The Dodecahedrum was a commission from Matt Parker of Stand Up Maths, based on a regular dodecahedron which was discovered a few years ago. It’s a ‘regular’ dodecahedron, meaning all the edges are the same length but the faces are different: only the top and bottom are regular pentagons, the other faces link together to form a shape resembling a drum.
This was quite complicated piece to build; initially I had a lot of trouble figuring out how to connect the diagonals, before realising that they would probably glue together plane to plane with some strong filler. The second issue I ran up against was the laser cutter — the gods of laser cutting were not with me on the day, and after about an hour of failed configurations I gave up, engraved the wood instead and then cut it at home on the bandsaw, which as you might be able to guess took a long time.
As with any non-cubic 3D shape build from flat materials, there were gaps at the joins. These were built into the design, and filled with a combination of two materials; first, a mixture of sawdust and wood glue, for strength, and then a layer of wood filler to ensure a smooth finish.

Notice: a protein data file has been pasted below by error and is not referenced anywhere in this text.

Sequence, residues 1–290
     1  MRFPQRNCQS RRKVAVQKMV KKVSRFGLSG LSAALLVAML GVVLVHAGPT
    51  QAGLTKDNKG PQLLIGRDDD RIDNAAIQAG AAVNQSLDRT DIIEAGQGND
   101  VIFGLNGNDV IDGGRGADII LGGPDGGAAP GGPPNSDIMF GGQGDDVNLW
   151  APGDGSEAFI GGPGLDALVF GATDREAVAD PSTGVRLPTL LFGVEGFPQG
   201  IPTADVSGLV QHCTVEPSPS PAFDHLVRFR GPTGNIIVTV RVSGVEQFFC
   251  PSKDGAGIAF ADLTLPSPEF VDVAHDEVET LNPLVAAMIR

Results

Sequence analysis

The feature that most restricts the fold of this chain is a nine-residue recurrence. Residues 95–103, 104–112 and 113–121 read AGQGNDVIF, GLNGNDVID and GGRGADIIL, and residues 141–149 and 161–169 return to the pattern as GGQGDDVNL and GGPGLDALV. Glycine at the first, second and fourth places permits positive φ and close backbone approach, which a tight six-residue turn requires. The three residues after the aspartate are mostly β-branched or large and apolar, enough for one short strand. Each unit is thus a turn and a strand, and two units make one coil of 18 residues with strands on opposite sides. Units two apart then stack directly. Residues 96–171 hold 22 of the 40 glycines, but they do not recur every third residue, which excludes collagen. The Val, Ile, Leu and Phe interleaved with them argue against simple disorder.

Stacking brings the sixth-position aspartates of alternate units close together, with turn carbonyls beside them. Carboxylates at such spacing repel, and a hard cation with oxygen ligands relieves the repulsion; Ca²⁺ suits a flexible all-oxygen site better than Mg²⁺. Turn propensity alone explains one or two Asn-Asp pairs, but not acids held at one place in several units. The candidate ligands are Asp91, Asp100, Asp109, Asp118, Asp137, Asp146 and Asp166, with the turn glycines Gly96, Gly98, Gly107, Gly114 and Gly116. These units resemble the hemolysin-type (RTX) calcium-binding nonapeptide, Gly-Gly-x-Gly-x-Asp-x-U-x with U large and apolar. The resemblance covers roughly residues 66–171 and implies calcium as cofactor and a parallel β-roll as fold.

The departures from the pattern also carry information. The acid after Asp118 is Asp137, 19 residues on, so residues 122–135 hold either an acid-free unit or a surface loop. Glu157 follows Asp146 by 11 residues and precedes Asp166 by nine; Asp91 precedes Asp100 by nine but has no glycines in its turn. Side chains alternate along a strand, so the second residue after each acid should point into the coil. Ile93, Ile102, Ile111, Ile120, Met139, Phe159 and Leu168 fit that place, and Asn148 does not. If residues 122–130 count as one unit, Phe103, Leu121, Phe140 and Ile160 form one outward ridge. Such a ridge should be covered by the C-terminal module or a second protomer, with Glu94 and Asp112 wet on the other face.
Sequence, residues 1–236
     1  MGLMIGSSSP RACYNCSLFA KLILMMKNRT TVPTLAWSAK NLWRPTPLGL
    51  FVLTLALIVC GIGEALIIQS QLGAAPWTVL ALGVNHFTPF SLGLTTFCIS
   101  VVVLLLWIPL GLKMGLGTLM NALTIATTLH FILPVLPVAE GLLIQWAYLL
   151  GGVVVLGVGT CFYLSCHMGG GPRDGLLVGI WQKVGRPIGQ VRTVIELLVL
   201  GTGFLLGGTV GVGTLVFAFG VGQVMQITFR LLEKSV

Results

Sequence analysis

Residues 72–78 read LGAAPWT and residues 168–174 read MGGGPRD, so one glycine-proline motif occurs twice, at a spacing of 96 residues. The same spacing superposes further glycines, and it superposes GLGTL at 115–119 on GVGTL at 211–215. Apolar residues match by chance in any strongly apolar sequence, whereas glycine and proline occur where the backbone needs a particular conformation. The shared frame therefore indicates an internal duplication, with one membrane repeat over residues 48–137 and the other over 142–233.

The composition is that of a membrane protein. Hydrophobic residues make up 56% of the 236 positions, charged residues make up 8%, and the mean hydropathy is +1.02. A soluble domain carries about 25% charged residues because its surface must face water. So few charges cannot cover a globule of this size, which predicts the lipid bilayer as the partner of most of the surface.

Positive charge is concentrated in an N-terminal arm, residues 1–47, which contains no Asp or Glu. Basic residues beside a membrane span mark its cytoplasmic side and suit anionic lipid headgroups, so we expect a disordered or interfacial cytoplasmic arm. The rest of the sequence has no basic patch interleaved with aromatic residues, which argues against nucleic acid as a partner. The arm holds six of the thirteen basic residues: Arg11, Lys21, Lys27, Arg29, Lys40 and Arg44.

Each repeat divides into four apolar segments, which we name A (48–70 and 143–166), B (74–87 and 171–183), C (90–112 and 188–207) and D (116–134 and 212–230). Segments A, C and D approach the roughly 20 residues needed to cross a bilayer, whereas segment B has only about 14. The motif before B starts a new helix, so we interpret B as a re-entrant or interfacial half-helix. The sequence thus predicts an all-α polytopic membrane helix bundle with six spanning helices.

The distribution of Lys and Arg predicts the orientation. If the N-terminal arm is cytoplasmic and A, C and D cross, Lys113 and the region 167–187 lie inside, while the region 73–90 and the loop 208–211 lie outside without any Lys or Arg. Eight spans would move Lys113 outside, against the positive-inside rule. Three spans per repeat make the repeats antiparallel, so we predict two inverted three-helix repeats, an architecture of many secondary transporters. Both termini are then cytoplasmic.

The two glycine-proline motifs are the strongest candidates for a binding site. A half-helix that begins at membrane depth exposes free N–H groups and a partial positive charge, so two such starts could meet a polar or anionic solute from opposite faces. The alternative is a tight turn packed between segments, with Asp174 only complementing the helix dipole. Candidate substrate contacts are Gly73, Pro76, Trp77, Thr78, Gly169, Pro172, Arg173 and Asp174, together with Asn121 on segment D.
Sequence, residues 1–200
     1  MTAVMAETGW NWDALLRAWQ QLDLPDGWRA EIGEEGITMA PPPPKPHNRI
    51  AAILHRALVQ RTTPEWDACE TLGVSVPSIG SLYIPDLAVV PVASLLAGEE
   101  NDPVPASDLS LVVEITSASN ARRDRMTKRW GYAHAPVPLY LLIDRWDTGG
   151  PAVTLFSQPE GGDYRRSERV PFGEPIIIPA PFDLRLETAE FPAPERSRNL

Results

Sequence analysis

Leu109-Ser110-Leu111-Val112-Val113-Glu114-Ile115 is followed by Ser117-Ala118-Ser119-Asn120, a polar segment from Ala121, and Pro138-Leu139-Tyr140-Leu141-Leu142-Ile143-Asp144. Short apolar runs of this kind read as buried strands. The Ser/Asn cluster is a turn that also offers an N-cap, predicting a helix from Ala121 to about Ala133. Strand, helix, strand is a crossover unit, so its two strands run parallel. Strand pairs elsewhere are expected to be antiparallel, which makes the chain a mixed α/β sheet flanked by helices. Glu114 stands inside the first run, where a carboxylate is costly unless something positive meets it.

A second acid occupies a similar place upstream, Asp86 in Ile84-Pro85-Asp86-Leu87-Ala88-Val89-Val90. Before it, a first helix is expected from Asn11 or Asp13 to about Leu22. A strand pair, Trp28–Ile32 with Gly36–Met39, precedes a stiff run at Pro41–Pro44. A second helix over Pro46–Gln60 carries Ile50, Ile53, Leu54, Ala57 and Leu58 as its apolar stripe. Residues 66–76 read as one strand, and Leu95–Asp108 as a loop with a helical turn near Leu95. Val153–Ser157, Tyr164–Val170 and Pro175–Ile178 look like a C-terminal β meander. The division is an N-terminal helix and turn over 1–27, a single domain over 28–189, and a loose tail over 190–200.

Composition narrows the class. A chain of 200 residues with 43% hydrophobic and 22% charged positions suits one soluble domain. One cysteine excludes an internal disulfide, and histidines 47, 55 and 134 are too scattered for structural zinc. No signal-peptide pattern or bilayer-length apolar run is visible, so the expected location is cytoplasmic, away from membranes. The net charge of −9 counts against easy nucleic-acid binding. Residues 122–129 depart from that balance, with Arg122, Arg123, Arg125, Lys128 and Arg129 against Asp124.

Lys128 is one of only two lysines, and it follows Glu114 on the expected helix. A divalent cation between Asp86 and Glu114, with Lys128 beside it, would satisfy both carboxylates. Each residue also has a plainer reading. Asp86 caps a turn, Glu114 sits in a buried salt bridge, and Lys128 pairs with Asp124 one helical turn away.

Next came the snare mechanism. This consisted of a standard snare drum wire set, cut in half, trimmed to size and screwed onto a rotating pole inside the drum to make it sound more like a classic snare drum. The pole can be turned to switch the snare effect on and off. Below is a quick test video I took to see how the snare sounds; I’m pretty happy with it!
After securing the snare, it was on to the varnishing. The sharp-eyed viewer might notice a difference between the drum right now and the final; originally the drum was intended to be tuned using a drum peg, but the dowel rod had other ideas. Initially it was too easy to turn, meaning that the drum detuned after 2-3 strikes, and then the screw mechanism in the pole jammed during varnishing and basically became unusable, meaning I had to open up the bottom of the drum, cut the pole out and replace it with a new one. Luckily the new one was of a higher quality. I decided not to risk the drum screw with the new version and instead tune it using pliers.
I also sanded the first layer of varnish almost entirely off. The brushstrokes showed up too clearly against the wood and I just didn’t like the way it looked, so I stripped it back using a handheld belt sander and started again. Then I reapplied the varnish (I think about five coats of it), sanding with very fine sandpaper (180, 240 and finally 800) between coats to achieve a smooth finish.
And so, finally, onto the beauty shots.